Translation in a dictionnary
Translation in a dictionnary

The question of what defines a “good” translation is about as old as the discipline of translation itself. But whereas international quality standards have been established in many industries for decades, they are a rather recent development in the translation industry. The ISO 17100 standard is the first international quality standard of its kind for translators and was only introduced in 2015. It defines the minimum standards translation service providers need to adhere to in order to deliver quality translations.

Quality is in the eye of the beholder

Hand a text to 5 different translators, and you will get back 5 different translations. They may all be correct, but they will also all reflect each translator’s individual style and experience. So how can you define what a “good” translation is? As per the internationally recognised quality management standard ISO 9001, a product (and this may as well be a translation) is deemed to be good quality if it meets the client’s expectations. This means that depending on the circumstances, a text with a few typos may be good enough if the client is pressed for time. For others, however, terminological accuracy or a polished style may be of utmost importance. Unlike in a manufacturing process where the manufactured pieces either meet or do not meet the specifications, there is hardly a way to apply metrics that help measure translation quality.

How can an ISO standard help?

The ISO 17100 standard was specifically developed for the translation industry. The main purpose is not to define translation quality, but to establish a set of best practices, processes and minimum requirements that will help language services providers to deliver translations that meet their clients’ expectations. In theory, the standard is universally applicable to freelance translators, small agencies and large language service providers all over the world. A Peruvian client outsourcing a French-to-English translation to a provider of ISO 17100-certified translations based in Croatia can rest assured that the same processes are in place as in his native country. We shouldn’t forget, however, that for some language pairs, it may be virtually impossible for translators to fulfil the ISO requirements, especially when it comes to indigenous languages.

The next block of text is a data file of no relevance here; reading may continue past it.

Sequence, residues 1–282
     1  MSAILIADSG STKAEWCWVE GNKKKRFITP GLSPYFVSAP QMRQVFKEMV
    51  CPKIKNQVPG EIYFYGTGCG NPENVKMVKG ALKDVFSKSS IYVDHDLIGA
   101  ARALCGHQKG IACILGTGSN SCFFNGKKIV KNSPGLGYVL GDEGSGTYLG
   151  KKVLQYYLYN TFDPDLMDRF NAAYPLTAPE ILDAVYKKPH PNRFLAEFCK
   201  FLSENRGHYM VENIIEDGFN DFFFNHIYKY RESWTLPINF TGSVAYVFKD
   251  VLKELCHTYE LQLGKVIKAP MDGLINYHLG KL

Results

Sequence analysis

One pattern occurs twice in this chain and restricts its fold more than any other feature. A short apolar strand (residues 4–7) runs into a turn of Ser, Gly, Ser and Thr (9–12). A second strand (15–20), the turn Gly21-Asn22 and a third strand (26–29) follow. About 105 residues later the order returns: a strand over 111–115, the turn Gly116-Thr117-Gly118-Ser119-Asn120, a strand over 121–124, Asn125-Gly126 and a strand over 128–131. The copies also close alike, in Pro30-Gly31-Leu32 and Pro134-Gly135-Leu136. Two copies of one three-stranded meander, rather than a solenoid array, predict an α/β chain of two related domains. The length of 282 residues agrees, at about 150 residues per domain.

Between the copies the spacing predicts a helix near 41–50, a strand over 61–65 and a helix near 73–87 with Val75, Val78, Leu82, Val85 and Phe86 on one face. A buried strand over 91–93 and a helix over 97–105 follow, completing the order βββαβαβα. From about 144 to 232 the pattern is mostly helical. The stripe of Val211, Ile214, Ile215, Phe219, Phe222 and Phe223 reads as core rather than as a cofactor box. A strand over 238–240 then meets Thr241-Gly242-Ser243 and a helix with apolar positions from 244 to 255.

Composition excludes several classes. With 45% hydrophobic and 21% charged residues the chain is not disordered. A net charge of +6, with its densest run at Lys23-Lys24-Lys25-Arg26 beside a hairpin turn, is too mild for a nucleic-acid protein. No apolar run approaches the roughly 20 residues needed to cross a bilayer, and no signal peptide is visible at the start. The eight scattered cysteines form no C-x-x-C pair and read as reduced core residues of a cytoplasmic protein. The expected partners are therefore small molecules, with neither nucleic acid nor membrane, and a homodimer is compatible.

Key aspects of the ISO 17100 standard

The ISO 17100 standard sets forth requirements for four main aspects of the translation process:

  1. Project preparation
  2. Production processes
  3. Post production
  4. Data protection

Project preparation includes all activities before the actual translation process starts: client agreements, quotes, etc. This section also lists the minimum qualification requirements for translators, reviewers and other people such as subject matter experts that may be involved in the process.

The production processes section describes the individual steps of the translation process – the actual translation, revision, additional quality checks and final approval of the translation. Most importantly, the ISO standard asks for all translations to be reviewed by at least one other qualified translator.

Main aspect of the post production phase is a feedback process that helps to document any issues encountered during the production phase and to learn from them for future projects.

The ISO 17100 standard also specifically asks for a number of data protection measures. Translators and/or language service providers must take any relevant measures to ensure the protection of their clients’ and contractors’ data.

Certified translators – better translation quality?

Many translation companies advertise their ISO 17100-certified translations. In order to get certified, both individual translators (freelancers) and companies need to be audited by a supervising body in regular intervals to prove that all ISO 17100 requirements are met. The mere fact that a company is certified does not automatically guarantee high-quality translations as translations are still usually done, edited and evaluated by humans. However, chances to deliver the desired quality are much higher if a service provider follows the rules defined by the ISO standard.

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